A Burrell Creek farmer was astounded - and very angry - to find financial hardship employees at her bank did not know there was a drought.
Karen Gilbert has been a loyal customer of the same bank for 21 years. She and her husband run a hobby farm and took out a home loan to purchase it two years ago. All their accounts are with this one bank.
Karen runs a horse agistment business and they have 20 cows and three horses.
"Things were going okay at first, but the drought has really started to affect us," she said.
"After the dry winter our paddocks have not recovered and the creek water we use for livestock has all but run dry. We are now having to hand feed our 20 cows and three horses daily plus we now have to buy water for the horses agisting on our property."
The cost of feed has doubled every month since July.
"Whereas before winter we were managing to pay all our bills, we are now faced with the fact that we may not be able to pay our mortgage in a months' time," Karen said.
"We simply cannot feed our livestock, run our business and manage our finances. So, we decided to approach the bank for some financial help just to get us through until Christmas."
Their request for a loan was denied.
"Devastated, we asked what we should do," Karen said.
They were told to call the bank's financial hardship line and get their monthly mortgage payments suspended until January.
Karen provides the following transcript of what took place...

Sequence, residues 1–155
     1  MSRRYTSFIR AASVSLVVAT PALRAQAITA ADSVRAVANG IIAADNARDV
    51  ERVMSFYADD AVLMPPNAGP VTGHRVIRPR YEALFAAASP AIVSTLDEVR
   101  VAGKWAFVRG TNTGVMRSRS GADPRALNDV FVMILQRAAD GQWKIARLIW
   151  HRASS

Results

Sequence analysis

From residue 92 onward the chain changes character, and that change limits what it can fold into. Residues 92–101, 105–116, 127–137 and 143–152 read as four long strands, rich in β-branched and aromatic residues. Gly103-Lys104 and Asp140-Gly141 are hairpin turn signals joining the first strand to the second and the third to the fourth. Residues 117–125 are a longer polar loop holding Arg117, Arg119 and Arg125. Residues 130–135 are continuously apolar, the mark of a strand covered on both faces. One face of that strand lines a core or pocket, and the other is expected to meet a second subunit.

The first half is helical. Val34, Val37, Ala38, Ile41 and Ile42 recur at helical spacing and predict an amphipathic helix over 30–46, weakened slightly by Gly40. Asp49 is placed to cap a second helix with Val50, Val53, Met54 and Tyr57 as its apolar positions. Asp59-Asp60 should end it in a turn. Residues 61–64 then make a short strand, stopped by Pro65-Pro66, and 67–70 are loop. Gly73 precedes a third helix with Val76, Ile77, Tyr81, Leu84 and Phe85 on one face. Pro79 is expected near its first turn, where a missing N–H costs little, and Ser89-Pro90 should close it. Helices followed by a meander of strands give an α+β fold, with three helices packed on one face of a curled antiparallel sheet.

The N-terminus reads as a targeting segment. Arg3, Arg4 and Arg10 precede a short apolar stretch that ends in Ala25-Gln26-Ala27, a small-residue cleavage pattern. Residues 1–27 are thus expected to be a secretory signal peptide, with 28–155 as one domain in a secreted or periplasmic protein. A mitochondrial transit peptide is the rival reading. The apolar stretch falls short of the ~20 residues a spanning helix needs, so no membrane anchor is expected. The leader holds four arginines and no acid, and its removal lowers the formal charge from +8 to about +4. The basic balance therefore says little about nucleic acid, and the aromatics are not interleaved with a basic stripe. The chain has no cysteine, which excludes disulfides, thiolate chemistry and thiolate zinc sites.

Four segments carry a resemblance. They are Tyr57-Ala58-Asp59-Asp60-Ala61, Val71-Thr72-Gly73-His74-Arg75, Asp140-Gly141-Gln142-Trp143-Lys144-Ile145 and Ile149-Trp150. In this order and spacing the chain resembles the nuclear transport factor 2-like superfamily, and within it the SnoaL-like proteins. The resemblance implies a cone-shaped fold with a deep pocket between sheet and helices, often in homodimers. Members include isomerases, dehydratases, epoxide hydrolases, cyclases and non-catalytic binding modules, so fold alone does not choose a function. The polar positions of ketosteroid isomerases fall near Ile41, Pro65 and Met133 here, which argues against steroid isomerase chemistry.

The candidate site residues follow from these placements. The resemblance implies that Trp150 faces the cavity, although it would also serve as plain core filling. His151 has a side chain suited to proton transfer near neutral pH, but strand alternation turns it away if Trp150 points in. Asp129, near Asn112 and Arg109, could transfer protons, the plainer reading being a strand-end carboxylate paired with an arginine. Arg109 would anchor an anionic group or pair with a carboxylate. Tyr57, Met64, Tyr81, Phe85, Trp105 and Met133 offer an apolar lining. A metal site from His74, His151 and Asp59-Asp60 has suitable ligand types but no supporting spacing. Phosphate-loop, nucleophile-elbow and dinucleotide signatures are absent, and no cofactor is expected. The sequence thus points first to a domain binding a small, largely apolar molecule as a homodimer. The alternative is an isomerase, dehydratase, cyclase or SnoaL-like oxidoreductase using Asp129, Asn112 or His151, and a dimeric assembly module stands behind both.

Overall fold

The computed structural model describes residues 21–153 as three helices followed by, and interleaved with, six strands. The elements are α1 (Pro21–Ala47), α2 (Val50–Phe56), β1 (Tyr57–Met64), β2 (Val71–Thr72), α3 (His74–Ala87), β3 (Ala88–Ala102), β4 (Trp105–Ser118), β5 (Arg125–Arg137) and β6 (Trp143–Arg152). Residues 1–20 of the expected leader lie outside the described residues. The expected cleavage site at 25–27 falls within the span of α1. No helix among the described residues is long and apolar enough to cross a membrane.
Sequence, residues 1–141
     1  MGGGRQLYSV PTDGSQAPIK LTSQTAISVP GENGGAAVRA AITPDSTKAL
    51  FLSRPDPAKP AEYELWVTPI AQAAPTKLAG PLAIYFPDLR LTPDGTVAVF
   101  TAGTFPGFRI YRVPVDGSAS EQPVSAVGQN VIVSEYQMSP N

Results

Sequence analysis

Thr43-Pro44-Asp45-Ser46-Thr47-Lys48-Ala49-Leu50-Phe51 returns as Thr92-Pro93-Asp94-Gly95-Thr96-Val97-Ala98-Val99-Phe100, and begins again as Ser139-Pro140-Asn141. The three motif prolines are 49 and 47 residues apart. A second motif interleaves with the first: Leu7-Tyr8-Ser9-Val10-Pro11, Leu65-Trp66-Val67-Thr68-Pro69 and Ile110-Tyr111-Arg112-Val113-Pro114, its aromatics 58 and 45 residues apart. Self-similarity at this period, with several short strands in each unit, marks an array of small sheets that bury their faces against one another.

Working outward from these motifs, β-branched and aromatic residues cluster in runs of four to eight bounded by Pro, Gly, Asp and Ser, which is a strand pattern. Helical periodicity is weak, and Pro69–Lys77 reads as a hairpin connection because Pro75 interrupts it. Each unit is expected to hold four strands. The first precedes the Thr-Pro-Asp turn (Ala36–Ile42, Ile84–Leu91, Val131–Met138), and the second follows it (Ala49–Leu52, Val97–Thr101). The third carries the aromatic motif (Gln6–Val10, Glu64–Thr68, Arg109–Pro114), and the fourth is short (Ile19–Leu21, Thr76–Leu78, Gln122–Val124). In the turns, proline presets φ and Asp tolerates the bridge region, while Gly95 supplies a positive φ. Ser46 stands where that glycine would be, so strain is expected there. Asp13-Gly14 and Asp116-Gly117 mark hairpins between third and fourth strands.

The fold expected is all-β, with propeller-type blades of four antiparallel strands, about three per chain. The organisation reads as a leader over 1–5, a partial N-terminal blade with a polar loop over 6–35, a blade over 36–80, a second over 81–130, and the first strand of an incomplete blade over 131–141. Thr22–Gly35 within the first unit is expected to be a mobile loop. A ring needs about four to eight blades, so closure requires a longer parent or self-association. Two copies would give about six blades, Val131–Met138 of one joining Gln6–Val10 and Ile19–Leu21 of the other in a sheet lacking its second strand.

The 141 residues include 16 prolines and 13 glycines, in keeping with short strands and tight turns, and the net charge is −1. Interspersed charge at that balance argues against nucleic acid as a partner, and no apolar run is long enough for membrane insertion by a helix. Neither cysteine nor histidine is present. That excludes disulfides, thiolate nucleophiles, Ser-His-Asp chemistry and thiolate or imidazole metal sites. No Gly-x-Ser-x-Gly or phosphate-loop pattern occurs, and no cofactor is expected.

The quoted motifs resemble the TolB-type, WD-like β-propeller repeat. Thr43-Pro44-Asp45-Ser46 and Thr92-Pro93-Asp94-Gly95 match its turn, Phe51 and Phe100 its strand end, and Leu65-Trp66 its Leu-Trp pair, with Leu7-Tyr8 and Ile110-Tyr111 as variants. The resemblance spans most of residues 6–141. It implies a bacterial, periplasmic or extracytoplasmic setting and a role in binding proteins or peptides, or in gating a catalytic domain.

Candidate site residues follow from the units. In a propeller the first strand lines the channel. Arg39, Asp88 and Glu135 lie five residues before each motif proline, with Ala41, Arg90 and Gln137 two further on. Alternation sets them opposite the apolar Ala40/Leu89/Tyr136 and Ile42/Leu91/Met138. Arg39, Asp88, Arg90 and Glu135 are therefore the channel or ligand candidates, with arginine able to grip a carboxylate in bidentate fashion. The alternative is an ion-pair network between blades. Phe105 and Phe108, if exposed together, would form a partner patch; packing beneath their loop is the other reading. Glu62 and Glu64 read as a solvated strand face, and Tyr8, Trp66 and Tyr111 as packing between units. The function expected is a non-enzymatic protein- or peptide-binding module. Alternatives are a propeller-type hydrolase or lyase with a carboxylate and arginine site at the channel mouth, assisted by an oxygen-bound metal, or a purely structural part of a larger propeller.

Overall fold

Bank employee (in a Melbourne office): "Why is it that you cannot meet your financial obligations?"
Karen: "It's because of the drought"
Bank employee: "And when do you think that situation will resolve itself?"
Karen: "Errr, when it rains."
Bank employee: "And when do you think that will happen?"
Karen (starting to lose the plot): "Are you joking? Do you not realise there is a drought in rural Australia?"
Bank employee: "No."
Karen (totally lost it now): "OMG are you serious, I can't believe they've put me through to a hardship department and you don't even know what's going on out here? Please put me on to someone who does."
And after five minutes of being on hold Karen was put through to another employee who "apologised for his colleague but said they live in Melbourne so don't know about the drought".
"I don't live in Syria, but I know there's a bloody war on!" Karen said.
No happy ending
There is no happy ending to this story.
When Karen was put in touch with "the boss" of the financial hardship division, he told her he needed to go through all her finances and did she have a spare half an hour?
"It was 4pm, I had cows to feed and I was ropeable. I don't see why they couldn't get this info from the bank branch who took all our details in the first place. So I told them to forget it.
"I have been so upset by all of this."